The Neo-pagans: Rupert Brooke and the Ordeal of Youth
The British public school, which as everyone knows is really a private school, grew out of the grammar schools, those admirable and ancient places where an excellent formal education was given to promising children of the locality, rich and poor alike. They were charitable institutions, endowed by local merchants and gentry. The young Shakespeare attended grammar school at Stratford, of which his father, who afterward went bankrupt, had been a minor benefactor. But in the nineteenth century, amid all the strains of a new industrial society, the status and function of these schools underwent a radical change. They became upwardly mobile, in the direst sense, extracting comparatively large fees from pupils no longer local and deserving, and at the same time they strove to give themselves a new and artificial image, patriotic, clean-limbed, and high-minded.
The personality and legend of Rupert Brooke can only be properly understood in this public school setting. His father was a housemaster at Rugby, the most successful of the new model schools and the one most determinedly in competition with the much older and more impersonal foundations of Winchester and Eton. The great headmaster Thomas Arnold, father of Matthew Arnold, had imprinted the place with his own dedicated and inspiring personality. It was the scene of that Victorian classic Tom Brown’s Schooldays. It produced more administrators and servants of empire, men of integrity and serious ideals, than anywhere else. It fostered a new idea of the gentleman, and the obligations of class.
In his third novel, The Longest Journey, published in 1907, E.M. Forster gave a brilliantly terse and venomous account of the metamorphosis of an old local grammar school into one of the pretentious new places, and showed how at the time he was writing even the dynamism had gone, replaced by a cult of games and “colours” and aimless snobbishness. Forster knew: he had been at Tonbridge School, from which he had escaped to the haven of Cambridge. Kipling knew too, but he belonged to a previous generation, and in Stalky & Co. he tried to inject a new style of pseudo-iconoclasm into the business, and celebrate a vigorous breed of imperial officers who despised “the flanneled fools,” but who in their tight-lipped way were just as devoted to ideals of service and family. In the case of both writers, too, there was a powerful mother figure in the background, suggesting a region that revolt could never quite overcome, or irreverence make its own. Forster’s Mrs. Moore and Mrs. Wilcox, and Kipling’s mother in The Brushwood Boy, have a lot in common.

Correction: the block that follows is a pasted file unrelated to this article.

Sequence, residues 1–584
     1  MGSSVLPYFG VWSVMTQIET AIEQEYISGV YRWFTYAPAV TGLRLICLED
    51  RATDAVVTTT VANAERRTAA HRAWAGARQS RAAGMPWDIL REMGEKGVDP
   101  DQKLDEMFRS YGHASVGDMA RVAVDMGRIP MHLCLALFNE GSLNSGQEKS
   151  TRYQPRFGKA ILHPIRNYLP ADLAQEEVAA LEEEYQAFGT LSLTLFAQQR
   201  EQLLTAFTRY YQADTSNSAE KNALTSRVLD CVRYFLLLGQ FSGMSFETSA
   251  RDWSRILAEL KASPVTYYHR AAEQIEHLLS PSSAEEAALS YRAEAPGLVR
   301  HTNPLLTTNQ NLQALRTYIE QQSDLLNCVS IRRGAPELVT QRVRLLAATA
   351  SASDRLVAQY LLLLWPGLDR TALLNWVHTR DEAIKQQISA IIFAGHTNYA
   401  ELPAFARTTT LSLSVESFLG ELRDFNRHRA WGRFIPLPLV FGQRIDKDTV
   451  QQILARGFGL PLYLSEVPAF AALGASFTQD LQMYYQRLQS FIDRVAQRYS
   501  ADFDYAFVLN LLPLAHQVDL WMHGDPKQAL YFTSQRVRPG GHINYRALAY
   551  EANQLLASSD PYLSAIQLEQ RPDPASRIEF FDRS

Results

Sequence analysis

Rupert Brooke had a mother too, one of those angelic strong-willed matrons whose children “adore” them, and often die of it. None of her three sons reached thirty. Not her fault directly, but they had the death wish, like Peter Pan, and knew that dying was a much bigger adventure than growing up. The Great War gave them their chance, although only one was killed in action. Parker Brooke, their…
This is exclusive content for subscribers only.
Get unlimited access to The New York Review for just $1 an issue!
Continue reading this article, and thousands more from our archive, for the low introductory rate of just $1 an issue. Choose a Print, Digital, or All Access subscription.